Note that, in addition to the Ranking-Short course and the Ranking-Long course, each event will have a non-ranking White course, and perhaps a second non-ranking course. Further details for each event will be released closer to the date (i.e., on the webpage for the event).

As in previous years, the Summer Series results are weighted by age and gender, to create something closer to a level playing field for all athletes. The age and gender information will first be taken from past BAOC events where this information was used. Then, the OSUA rankings website (https://rankings.orienteeringusa.org/find.php) will be referenced.

If you are a relative newcomer to BAOC events, and you know you are not listed on that OUSA website, you can help us out by sending your gender and year of birth (please do not send your complete date of birth​—​we have no interest in that). You can send the information to . Otherwise we will try to reach you to get the information. If we ultimately fail to determine an athlete’s age and gender, they will assumed to be a 21-year-old male. Hence, it is in each athlete’s best interest to get us accurate information.

The Series rankings will be released (to the BayONet (https://groups.io/g/BAOC) and on the BAOC website) as quickly as possible after each event, although please allow a few days for the various processing to take place.

As in previous years, credit will be given for Course Setting and Event Directing (so contact us now if you would like to earn some “free” points this way!).

If there are any questions or comments on any of the above, you can contact . However, questions about specific events, locations, etc. are best addressed to the Event Director for each event (i.e., as found on the event webpages that are linked above).

Very best of luck to all competitors, and we look forward to seeing you out there!

Graham Brew, BAOC Event Coordinator, and the entire BAOC Summer Series Team

Scoring and Awards

To make things a little more interesting, participants can accumulate points throughout the Series based on their results. Some of the best minds in the world’s greatest database companies, and in the nation’s finest research labs have deliberated carefully, and arrived at a scoring system for the Summer Series. (It’s the same system that was used in 2017, 2018, and 2019, crafted by François and Dennis.)

The scoring system for the Summer Series will combine all participants into two categories by making adjustments, based on age and gender, to each person’s performance. The person with the best adjusted performance in a given race will be awarded 1000 points. Everyone else will be awarded points in proportion to how their own adjusted performance compares to that of the person given 1000 points.

At each event in the Series there will be two identified ranking courses, which will be used for scoring. The other course(s) offered at the event will have no affect on the Series scoring.

Here are the details.

This means it is possible for someone who finishes with the slowest legal time in a race to still have the highest point score for the day. So, don’t give up!

Now that you’ve studied the methodology for scoring in minute detail, perhaps an example is in order.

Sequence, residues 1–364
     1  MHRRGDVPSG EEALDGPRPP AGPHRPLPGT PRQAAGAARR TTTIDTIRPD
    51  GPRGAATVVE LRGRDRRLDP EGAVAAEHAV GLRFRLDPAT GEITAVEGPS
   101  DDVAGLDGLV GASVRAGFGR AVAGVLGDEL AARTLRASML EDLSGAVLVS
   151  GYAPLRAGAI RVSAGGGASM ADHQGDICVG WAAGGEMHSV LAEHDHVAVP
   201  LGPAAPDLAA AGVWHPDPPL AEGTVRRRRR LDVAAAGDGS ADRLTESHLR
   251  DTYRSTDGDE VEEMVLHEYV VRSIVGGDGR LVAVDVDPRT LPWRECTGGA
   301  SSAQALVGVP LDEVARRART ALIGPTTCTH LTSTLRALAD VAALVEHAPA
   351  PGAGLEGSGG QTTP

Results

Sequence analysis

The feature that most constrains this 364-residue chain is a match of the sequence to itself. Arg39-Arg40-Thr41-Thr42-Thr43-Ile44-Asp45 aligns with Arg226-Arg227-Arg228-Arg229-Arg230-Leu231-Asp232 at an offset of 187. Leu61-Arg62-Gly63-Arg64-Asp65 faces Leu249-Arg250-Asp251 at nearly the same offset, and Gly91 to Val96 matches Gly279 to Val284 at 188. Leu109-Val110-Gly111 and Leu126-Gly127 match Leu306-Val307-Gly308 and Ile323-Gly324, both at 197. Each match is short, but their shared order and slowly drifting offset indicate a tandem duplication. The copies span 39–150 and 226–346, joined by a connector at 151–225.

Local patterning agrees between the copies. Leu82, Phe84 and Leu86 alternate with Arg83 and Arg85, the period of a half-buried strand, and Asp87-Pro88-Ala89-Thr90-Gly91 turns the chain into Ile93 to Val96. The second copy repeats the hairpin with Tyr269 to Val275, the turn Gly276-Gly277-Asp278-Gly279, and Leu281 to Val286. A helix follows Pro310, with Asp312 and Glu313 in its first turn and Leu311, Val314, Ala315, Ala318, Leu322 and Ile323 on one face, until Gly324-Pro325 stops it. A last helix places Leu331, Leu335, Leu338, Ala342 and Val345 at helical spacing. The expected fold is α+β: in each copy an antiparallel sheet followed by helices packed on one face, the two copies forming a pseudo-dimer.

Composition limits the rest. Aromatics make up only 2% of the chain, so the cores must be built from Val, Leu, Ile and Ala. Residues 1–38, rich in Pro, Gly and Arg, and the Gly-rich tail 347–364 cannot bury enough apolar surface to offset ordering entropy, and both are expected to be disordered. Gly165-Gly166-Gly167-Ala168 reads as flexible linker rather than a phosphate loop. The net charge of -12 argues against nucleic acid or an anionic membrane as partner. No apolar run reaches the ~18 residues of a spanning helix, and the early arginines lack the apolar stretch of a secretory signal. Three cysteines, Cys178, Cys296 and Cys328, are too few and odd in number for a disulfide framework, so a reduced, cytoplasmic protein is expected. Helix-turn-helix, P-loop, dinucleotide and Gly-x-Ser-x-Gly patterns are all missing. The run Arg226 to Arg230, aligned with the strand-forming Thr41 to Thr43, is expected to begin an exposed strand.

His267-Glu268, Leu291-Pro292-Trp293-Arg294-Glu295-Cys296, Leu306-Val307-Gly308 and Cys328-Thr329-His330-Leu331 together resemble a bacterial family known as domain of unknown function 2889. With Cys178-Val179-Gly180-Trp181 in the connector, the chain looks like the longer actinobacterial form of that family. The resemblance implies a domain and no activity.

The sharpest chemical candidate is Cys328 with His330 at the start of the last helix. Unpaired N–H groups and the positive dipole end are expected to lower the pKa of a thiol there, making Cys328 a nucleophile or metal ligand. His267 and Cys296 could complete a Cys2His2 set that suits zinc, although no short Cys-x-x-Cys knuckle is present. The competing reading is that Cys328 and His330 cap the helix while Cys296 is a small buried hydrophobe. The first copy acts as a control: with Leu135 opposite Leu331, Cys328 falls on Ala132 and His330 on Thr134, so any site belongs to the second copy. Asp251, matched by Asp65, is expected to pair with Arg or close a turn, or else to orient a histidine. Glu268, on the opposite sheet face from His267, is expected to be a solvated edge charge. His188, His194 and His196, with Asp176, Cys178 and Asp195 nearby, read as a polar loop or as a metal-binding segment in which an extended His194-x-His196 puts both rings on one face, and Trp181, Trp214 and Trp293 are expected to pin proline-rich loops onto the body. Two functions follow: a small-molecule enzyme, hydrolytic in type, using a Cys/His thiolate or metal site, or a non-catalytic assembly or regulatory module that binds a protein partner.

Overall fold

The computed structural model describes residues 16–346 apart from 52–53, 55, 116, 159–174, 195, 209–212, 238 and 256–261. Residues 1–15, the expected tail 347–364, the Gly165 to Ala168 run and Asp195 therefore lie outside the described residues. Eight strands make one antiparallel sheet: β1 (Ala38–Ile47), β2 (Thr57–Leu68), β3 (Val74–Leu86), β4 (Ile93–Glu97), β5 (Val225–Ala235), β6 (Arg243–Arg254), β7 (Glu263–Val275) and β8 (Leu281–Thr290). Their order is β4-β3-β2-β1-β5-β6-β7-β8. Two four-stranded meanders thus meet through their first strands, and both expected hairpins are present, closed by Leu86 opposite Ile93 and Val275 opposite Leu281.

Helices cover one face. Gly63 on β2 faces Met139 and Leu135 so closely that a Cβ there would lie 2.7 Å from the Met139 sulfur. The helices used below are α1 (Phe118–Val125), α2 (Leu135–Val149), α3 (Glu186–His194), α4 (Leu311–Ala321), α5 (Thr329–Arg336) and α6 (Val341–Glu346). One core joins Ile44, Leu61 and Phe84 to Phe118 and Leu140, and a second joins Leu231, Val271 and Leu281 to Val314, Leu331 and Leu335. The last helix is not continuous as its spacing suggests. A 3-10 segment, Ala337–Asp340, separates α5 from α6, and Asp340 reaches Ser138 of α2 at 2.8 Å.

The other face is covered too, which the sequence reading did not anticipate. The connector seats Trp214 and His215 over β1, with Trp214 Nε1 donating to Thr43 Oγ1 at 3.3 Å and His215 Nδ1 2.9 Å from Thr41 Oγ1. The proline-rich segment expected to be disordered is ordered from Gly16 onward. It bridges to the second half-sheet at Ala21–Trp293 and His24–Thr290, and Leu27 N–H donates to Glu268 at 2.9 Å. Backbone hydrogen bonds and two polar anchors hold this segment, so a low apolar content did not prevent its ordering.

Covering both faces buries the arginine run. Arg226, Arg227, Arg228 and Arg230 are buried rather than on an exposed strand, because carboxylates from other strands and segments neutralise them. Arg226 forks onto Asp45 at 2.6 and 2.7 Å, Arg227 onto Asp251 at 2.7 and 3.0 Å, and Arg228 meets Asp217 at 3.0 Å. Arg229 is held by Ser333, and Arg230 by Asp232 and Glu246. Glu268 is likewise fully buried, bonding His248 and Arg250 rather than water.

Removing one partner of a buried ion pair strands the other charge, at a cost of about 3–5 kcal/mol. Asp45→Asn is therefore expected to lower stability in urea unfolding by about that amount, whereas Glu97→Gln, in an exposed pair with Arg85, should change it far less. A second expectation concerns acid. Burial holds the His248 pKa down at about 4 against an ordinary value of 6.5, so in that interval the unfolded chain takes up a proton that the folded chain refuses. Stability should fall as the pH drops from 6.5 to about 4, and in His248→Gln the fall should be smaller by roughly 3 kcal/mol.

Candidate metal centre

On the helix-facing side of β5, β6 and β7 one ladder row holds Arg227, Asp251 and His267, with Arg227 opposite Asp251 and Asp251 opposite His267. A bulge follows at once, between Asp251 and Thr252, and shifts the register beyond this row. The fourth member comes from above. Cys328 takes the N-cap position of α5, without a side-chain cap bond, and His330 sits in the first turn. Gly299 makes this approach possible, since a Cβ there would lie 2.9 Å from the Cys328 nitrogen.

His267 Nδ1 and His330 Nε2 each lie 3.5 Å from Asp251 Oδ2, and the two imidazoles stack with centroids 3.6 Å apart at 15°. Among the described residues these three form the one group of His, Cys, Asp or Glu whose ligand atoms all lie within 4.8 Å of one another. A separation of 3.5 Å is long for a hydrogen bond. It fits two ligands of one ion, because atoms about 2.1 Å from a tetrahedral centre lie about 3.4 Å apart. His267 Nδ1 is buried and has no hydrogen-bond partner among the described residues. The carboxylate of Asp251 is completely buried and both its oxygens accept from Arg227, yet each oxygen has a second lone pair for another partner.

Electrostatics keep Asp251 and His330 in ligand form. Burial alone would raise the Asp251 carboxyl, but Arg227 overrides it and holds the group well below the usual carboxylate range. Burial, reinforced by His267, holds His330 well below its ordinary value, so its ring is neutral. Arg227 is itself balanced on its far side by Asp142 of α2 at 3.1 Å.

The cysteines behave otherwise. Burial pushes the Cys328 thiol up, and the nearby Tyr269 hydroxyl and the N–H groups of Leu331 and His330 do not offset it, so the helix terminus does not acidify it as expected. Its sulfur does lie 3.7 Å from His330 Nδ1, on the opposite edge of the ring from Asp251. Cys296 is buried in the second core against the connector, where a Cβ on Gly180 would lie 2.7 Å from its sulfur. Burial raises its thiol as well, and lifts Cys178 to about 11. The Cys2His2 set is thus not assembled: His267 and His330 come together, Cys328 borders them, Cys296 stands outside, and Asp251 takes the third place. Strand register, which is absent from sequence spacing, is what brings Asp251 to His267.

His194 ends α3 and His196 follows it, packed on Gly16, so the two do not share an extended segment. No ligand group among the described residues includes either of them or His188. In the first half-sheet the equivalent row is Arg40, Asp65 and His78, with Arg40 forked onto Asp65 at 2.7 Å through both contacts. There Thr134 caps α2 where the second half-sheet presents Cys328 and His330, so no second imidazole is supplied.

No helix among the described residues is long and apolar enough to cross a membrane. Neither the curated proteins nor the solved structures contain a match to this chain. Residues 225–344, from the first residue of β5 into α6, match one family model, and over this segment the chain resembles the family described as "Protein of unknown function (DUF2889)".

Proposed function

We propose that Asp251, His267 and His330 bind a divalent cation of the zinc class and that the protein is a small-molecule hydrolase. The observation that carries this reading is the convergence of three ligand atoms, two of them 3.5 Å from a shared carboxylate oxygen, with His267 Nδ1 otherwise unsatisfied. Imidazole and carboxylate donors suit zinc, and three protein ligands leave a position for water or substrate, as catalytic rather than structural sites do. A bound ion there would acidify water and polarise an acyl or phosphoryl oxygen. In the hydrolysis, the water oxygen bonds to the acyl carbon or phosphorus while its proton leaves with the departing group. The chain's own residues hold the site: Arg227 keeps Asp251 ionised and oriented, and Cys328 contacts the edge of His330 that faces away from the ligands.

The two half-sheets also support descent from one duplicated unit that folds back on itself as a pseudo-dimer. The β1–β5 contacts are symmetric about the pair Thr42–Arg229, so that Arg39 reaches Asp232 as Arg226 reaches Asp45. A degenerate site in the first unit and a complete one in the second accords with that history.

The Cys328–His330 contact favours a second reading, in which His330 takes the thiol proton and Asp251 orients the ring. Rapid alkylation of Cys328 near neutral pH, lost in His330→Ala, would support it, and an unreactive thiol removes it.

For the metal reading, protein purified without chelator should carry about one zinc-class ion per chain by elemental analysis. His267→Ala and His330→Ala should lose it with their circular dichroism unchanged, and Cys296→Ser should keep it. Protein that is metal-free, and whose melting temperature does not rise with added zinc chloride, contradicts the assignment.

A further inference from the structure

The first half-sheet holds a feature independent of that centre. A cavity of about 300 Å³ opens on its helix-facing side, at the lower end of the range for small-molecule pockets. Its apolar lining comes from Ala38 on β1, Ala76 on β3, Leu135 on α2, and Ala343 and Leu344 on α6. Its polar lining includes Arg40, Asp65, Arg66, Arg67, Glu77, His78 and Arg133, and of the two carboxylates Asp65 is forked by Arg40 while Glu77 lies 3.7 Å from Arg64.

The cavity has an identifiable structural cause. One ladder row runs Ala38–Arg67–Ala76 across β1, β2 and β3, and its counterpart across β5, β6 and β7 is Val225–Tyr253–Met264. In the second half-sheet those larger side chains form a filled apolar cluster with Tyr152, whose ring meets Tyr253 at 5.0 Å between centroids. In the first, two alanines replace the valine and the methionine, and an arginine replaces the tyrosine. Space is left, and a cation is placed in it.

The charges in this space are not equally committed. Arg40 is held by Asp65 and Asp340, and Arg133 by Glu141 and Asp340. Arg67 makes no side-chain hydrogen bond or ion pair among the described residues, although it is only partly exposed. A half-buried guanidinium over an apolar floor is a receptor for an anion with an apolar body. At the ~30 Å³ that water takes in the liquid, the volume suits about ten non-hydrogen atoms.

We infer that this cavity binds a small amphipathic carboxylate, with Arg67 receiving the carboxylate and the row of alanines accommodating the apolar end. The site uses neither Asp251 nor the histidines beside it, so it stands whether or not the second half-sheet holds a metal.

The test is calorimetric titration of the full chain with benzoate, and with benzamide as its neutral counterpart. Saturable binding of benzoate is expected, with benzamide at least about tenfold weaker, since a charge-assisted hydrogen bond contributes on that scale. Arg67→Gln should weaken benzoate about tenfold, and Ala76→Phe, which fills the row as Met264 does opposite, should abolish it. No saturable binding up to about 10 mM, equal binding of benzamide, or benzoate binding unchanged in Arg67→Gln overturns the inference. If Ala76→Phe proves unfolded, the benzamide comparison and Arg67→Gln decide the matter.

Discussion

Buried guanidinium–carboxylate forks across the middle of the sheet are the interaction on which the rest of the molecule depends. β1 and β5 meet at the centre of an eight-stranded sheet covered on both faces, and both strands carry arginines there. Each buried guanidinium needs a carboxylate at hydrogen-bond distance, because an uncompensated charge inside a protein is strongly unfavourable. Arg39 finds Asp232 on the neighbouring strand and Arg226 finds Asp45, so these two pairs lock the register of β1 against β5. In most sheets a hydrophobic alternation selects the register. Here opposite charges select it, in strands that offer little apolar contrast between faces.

Suppose there is an event with just three people: a 45-year-old male who we’ll call “F”; a 70-year-old male called “D”, and a 25-year-old female called “T”. Suppose their times on the course are as follows:
F   45:51
T   49:30
D   57:20
Given their ages and genders, their reference times are as follows. (Links to the USATF tables that we are using for reference times can be found here (http://runscore.com/Alan/AgeGrade.html). [The specific tables we will use will be listed here later.])
F   28:50
T   30:20
D   36:09
Dividing course time by reference time gives the adjusted performance ratios for the course:
F   1.59017
T   1.63187
D   1.58598
So, D is the leader (despite having the slowest time) and gets 1000 points. To get the points for the others, divide their ratios into D’s, multiply by 1000, and you get F with 997 points and T with 972.

Conclusion: If you want to win in the Summer Series, either (a) get fast, or (b) get old fast.

By popular demand, final standings will be based on each person’s four best scores in the six-event Series.

We need to know everyone’s age in order to make these calculations. As usual, your orienteering age is your age at the end of the calendar year. So what we really want is your year of birth. There will be sign-up sheets at either registration or at the E-punch download at each event. Please put down your name and year of birth.

Some “fine print”:

  1. Everyone who has a valid finish for that day’s full ranking course will be awarded points (except group entries will not earn points). However, to be eligible for the cumulative awards, you must be a BAOC member in good standing as of the date of the final event of the Series.
  2. If you don’t tell us your year of birth, we will assume you are a 21-year-old male. If you like that idea better than you like getting more points, well, that’s up to you.
  3. If we find out your age after some of the point calculations have been made, we will try to go back and recalculate your point scores for the earlier events. In no case, though, will such retroactive point adjustments exceed 1000 points for a given race. (In other words, if you don’t tell us your year of birth in time, and you should have been the leader that day, you won’t quite get all the credit you might have gotten.)
  4. Course Setters for events in the Series will be given points for their own event equal to their best other point score in the Series. Event Directors (some of whom may be able to run in their own event) will be given the higher of (a) their actual score in the event or (b) their best other point score in the Series.

Series Results

The final Series results will be posted here after the last event. The results for each event, and the Series standings through each event, are available on the results pages for each event (i.e., see the links above).